Cancer's Weak Point Is Its Metabolism, CRISPR Reveals

American researchers have developed a novel CRISPR-based platform to identify and characterise essential nutrient transporters that support cancer cell proliferation. This innovative approach may have significant implications for targeting metabolic pathways in cancer treatment.

By: Gorm Palmgren - Apr. 16, 2024

#CRISPRMED24

Employing a CRISPR interference and activation (CRISPRi/a) screening platform, the researchers systematically identified crucial nutrient transporters that support cancer cell proliferation under different environmental conditions, including standard culture media and tumour settings.

The study unveiled a significant bidirectional flux in amino acid transport, heavily influenced by the microenvironment's composition. This discovery underscores the potential for therapeutic exploitation of transporter activity modulation in surrounding cellular conditions.

Further investigations uncovered a protective role for serotonin uptake in cystine-deprived cells, shielding them from ferroptosis, an iron-dependent form of cell death. This finding opens up new avenues for cancer therapy, highlighting the practical applications of our research in targeting metabolic vulnerabilities. The study also demonstrated the crucial role of transporters for glucose and amino acids in subcutaneous tumours, suggesting potential metabolic interventions to curb cancer growth.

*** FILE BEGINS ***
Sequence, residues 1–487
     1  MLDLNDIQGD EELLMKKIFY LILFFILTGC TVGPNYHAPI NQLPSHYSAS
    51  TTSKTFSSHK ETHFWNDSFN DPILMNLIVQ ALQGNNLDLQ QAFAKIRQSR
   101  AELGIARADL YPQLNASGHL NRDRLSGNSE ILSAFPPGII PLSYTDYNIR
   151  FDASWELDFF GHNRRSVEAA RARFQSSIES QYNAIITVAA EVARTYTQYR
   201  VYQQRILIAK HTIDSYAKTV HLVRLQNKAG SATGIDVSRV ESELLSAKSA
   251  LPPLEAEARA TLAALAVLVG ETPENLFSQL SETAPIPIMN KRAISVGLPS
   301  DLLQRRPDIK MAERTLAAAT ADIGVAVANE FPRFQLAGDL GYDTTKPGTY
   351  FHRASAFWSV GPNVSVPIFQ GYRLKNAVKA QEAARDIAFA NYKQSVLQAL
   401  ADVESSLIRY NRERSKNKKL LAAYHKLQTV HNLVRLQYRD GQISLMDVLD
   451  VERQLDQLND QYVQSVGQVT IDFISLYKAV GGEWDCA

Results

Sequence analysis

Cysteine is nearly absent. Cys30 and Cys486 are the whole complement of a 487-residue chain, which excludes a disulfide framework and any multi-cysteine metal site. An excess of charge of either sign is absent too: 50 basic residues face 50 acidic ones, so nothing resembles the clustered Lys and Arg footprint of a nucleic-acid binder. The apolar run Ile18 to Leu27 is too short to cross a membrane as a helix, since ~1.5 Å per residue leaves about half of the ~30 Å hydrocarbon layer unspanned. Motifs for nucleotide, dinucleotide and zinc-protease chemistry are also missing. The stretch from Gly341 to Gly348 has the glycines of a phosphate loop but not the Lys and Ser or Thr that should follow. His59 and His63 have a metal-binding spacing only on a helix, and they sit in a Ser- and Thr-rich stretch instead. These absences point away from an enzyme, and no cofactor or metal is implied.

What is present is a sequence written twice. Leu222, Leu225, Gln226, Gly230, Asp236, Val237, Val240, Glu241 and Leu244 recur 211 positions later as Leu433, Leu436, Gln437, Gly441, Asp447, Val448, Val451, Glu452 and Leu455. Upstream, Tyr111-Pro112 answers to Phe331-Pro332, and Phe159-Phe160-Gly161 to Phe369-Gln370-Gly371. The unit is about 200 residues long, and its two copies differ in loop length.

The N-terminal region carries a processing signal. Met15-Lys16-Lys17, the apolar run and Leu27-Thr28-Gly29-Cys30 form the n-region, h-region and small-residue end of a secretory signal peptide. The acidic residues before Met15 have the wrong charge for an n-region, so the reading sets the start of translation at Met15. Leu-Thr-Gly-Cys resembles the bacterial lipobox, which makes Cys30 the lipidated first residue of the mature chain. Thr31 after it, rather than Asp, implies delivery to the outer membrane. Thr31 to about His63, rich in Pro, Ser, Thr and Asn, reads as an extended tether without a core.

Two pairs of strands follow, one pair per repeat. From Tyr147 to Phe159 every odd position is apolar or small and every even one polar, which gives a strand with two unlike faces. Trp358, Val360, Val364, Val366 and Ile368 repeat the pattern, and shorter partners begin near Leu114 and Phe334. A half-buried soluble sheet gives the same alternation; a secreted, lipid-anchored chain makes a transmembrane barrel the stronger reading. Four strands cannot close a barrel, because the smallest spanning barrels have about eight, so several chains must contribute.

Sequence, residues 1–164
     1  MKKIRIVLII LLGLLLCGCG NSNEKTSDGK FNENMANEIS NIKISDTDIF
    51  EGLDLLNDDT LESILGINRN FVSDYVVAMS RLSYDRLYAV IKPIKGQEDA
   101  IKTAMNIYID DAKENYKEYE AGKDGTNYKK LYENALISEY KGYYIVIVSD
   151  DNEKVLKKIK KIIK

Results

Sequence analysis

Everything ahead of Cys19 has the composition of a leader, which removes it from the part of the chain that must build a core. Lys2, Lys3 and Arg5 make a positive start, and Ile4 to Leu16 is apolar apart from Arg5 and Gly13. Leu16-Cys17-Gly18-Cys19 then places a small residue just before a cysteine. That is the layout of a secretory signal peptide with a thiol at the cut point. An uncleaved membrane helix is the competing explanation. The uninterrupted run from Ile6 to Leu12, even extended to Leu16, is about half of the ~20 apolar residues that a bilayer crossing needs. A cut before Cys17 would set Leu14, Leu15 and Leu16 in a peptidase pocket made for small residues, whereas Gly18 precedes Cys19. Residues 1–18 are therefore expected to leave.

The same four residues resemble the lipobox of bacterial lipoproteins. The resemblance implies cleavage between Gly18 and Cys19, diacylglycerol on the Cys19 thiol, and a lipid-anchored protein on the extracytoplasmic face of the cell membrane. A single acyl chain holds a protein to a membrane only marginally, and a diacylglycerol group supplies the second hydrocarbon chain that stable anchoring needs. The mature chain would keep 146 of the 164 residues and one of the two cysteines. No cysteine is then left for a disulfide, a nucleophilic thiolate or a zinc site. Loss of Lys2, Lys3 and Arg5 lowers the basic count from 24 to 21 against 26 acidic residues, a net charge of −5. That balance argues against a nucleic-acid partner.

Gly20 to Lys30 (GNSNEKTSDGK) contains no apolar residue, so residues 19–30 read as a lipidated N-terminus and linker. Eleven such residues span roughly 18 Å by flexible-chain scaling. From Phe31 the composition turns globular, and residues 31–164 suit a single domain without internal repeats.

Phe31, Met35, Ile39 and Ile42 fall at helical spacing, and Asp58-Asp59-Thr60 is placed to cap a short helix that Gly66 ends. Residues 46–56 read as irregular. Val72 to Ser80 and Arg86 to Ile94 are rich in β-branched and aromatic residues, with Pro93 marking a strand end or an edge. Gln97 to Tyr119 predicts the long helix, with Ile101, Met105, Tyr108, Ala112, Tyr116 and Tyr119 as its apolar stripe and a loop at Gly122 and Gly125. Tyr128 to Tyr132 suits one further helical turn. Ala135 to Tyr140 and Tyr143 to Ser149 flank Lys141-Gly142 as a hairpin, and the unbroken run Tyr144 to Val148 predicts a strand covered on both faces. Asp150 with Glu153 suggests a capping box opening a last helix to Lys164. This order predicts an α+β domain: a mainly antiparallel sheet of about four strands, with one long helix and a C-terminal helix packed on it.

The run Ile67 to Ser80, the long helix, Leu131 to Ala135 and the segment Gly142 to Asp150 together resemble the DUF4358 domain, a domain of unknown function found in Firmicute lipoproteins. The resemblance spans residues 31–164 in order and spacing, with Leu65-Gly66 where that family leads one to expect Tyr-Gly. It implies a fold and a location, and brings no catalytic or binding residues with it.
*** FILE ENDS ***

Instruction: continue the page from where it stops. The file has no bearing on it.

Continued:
The researchers provide a new perspective on effectively targeting cancer metabolism by focusing on the interaction between nutrient transporters and the tumour microenvironment.

The study was conducted by Christopher Chidley and Peter Sorger at Harvard Medical School and published in Nature Cell Biology last week. You can read it here.

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News: Cancer's Weak Point Is Its Metabolism, CRISPR Reveals
News: Cancer's Weak Point Is Its Metabolism, CRISPR Reveals
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